21 Jun 2018, 12:23
Sören Amelang Julian Wettengel

Govt split over EU car CO₂ limits / Grid operators push power-to-gas

Tagesspiegel Background / Handelsblatt

The members of the German government disagree over the country’s position on future EU car emission limits, according to media reports. The ministries of economic affairs and transport both reject the environment ministry’s call for more ambitious targets, reports Jens Tartler in Tagesspiegel Background. Government sources told the author that economic affairs minister Peter Altmaier and transport minister Andreas Scheuer even wanted to water down the European Commission’s proposal to protect the German car industry. Tartler says the finance ministry supports more ambitious targets, because it wants to avoid spending billions on CO2 certificates in case Germany misses its climate targets.
The environment ministry says car emissions must be halved between 2021 and 2030 for Germany to reach its climate targets, and to secure the future of the country’s mighty car industry. The European Commission has proposed a 30 percent reduction only.

Read a Handelsblatt report on this topic in German here.

For background, read the article German environment ministry pushes for tougher EU car emission rules.

Amprion / Open Grid Europe

Power transmission grid operator Amprion and gas transmission grid operator Open Grid Europe (OGE) want to test power-to-gas (PtG) technologies on an industrial scale in Germany to better integrate electricity with the other sectors, the companies announced in a press release. They want to build 50-100 megawatt (MW) facilities, where today’s pilot plants in Germany have a capacity of only 6 MW. PtG uses renewable power to produce synthetic hydrogen and methane through electrolysis and methanation. This could provide carbon-free or carbon-neutral fuel for heating and transport, and pave the way for large-scale seasonal energy storage. “We need the breakthrough in Germany. It’s time to open the doors for sector coupling on an industrial scale,” said Stephan Kamphues, managing director of Vier Gas Transport GmbH, parent company of OGE.

Find the press release in German here.

For background, read the new CLEW factsheets Power-to-gas: Fix for all problems or simply too expensive? and Sector coupling - Shaping an integrated renewable energy system.

Frankfurter Allgemeine Zeitung

The joint power-to-gas (PtG) project by power and gas transmission grid operators Amprion and Open Grid Europe (OGE) should not come as a surprise, as especially the gas industry worries about its future in a decarbonised Germany, writes Andreas Mihm in an opinion piece in the Frankfurter Allgemeine Zeitung. Carbon-neutral gas produced from renewable electricity could be used in the existing pipelines, storages, and end-use infrastructure. No one knows whether PtG will become competitive in the end, writes Mihm. “Still, nothing is won unless risks are taken.”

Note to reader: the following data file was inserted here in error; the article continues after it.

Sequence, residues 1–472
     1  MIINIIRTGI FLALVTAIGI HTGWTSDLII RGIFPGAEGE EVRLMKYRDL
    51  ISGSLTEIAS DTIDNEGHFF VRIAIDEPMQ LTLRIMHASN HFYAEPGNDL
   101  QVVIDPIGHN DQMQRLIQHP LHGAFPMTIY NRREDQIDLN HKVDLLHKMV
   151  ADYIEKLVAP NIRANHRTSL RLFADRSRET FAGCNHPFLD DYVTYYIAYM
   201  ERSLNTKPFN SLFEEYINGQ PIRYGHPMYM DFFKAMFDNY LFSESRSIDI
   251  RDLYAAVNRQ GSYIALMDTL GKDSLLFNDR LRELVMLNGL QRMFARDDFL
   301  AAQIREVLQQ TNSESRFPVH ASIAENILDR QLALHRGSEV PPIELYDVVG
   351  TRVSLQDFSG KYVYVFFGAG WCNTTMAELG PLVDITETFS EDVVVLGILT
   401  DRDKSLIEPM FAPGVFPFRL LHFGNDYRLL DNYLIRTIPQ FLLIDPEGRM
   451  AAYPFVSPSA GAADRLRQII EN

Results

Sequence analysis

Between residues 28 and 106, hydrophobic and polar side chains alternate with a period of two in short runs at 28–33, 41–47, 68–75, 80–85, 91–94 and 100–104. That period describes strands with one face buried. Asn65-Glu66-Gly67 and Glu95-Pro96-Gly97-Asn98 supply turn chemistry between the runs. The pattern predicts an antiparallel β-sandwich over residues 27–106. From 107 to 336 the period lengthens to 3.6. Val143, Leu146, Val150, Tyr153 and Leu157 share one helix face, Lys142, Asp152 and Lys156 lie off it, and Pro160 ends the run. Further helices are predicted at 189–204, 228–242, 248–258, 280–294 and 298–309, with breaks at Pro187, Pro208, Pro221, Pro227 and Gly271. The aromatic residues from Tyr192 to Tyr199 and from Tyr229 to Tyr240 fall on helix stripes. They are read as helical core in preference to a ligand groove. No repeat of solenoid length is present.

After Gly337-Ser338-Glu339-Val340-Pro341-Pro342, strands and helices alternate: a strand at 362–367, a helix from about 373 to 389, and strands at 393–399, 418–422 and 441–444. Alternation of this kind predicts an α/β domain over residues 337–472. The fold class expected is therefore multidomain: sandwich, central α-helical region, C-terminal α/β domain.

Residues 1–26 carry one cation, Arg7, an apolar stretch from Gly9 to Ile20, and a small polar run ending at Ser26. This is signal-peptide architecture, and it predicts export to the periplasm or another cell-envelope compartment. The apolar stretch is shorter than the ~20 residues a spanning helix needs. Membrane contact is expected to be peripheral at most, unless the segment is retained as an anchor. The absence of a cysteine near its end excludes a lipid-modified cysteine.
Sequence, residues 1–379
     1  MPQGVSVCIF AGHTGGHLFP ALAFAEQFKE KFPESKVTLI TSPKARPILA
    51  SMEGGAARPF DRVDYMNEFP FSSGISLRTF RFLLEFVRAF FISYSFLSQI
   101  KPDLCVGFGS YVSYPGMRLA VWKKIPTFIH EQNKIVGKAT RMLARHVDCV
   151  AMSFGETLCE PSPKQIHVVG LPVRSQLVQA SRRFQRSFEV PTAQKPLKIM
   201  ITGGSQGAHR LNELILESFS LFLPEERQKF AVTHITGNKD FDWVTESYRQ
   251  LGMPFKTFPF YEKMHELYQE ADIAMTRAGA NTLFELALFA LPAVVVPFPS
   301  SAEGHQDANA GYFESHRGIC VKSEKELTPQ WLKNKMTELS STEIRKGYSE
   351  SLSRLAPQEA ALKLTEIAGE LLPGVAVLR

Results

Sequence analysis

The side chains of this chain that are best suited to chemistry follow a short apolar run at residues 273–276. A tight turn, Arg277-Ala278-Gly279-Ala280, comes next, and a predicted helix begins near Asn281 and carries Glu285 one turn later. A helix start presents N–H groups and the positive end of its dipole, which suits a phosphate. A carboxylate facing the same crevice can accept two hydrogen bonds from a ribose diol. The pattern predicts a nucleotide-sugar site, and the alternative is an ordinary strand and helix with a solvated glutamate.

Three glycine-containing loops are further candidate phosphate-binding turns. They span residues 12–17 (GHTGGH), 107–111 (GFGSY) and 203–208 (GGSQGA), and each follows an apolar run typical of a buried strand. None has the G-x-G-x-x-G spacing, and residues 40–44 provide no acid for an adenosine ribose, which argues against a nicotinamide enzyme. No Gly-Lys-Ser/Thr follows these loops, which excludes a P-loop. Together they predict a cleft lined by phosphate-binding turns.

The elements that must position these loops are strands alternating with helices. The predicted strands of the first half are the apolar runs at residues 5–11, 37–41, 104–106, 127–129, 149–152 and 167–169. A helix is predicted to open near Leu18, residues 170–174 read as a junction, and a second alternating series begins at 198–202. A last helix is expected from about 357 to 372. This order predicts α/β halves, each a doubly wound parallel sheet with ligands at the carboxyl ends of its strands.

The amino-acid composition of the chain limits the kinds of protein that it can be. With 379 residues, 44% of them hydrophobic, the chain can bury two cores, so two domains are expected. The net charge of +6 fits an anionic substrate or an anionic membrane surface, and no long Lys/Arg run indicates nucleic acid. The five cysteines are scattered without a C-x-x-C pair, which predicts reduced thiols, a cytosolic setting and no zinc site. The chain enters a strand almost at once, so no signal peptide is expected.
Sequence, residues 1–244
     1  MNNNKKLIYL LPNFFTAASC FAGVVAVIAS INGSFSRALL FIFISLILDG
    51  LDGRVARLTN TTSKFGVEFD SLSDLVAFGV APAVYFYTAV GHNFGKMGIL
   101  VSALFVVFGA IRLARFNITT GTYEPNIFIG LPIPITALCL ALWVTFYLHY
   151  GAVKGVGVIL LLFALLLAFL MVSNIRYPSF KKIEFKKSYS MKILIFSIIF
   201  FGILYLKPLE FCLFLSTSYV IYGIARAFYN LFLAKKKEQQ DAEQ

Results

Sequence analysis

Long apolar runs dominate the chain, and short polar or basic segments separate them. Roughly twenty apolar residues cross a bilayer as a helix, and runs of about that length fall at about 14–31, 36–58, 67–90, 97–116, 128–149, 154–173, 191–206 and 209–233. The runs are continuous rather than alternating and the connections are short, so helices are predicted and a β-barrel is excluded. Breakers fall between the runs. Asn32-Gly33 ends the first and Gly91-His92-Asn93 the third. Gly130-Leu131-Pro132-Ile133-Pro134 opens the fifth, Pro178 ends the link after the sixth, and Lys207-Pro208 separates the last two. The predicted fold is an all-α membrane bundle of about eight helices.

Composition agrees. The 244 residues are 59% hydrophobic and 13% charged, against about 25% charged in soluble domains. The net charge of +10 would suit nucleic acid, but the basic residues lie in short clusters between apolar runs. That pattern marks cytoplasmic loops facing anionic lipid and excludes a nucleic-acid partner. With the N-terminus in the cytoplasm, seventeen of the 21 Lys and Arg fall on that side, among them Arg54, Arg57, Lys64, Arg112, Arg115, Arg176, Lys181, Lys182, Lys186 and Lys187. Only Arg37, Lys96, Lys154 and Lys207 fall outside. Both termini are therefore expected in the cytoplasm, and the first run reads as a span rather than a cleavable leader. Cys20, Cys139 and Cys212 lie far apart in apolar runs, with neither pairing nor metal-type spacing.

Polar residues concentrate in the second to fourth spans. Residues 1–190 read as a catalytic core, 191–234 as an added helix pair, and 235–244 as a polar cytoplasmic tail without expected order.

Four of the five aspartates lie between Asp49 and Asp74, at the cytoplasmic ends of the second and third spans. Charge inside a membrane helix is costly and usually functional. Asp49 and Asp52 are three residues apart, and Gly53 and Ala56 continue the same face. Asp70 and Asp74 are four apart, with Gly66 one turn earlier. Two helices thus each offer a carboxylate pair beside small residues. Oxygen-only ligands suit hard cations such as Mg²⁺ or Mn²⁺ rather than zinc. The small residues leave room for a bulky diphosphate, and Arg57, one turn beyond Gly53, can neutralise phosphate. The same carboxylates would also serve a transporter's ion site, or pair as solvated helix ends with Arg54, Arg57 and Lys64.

For background, read the new CLEW factsheets Power-to-gas: Fix for all problems or simply too expensive? and Sector coupling - Shaping an integrated renewable energy system.

Federal government

The German government has chosen Ingolstadt to try out flying taxis in cooperation with Airbus and carmaker Audi, which is based in the Bavarian city. Transport minister Andreas Scheuer said flying taxis are no longer a pipe dream of the future. Instead, they “open up entirely new possibilities, for example for moving sick people.” He added that urban air mobility is also “a huge opportunity for companies and startups.”
The best-known German startups developing flying robotaxis are Lilium and Volocopter.

Find the government press release in German here, and an Audi press release in English here.

For background, read the interview Emission-free aviation is technically feasible – DLR Researcher.

Transport & Environment

European carmakers announced last year they would invest 21.7 billion euros in China to manufacture electric vehicles (EV), compared to only 3.2 billion euros in Europe, according to clean mobility lobby group Transport&Environment (T&E). “China bet decisively on electric cars and is winning the race. It understood that production follows demand, and demand is created with smart, ambitious industrial policy. But Europe still can’t shake off its dirty diesel legacy,” said T&E clean vehicles manager Julia Poliscanova. Volkswagen leads the pack with a 10 billion euro joint venture with Chinese Anhui Jianghuai, followed by Renault-Nissan and Daimler, according to T&E.

Read the T&E press release in English here.

For background on Germany’s carmakers and the Energiewende, read the dossier BMW, Daimler, and VW vow to fight in green transport revolution.

Potsdam Institute for Climate Impact Research (PIK)

Cultivating feed in industrial facilities rather than on croplands, using a method originally developed during the Cold War for space travel, could help reduce greenhouse gas emissions and other negative implications for the environment, according to a study published by the Potsdam Institute for Climate Impact Research (PIK). Microbes can be cultivated with energy, nitrogen, and carbon in industrial facilities to produce protein powders, which are then fed instead of soybeans to animals. “Without drastic changes to the agro-food system, the rising food and animal feed demand that comes with our meat-based diets will lead to continuous deforestation, biodiversity loss, nutrient pollution, and climate-impacting emissions,” writes the PIK in a press release. The researchers find that by replacing only two percent of livestock feed by protein-rich microbes, more than five percent of agricultural greenhouse gas emissions, global cropland area and global nitrogen losses could each be decreased.

Find the press release in English here, the article in English here, and a video in English here.

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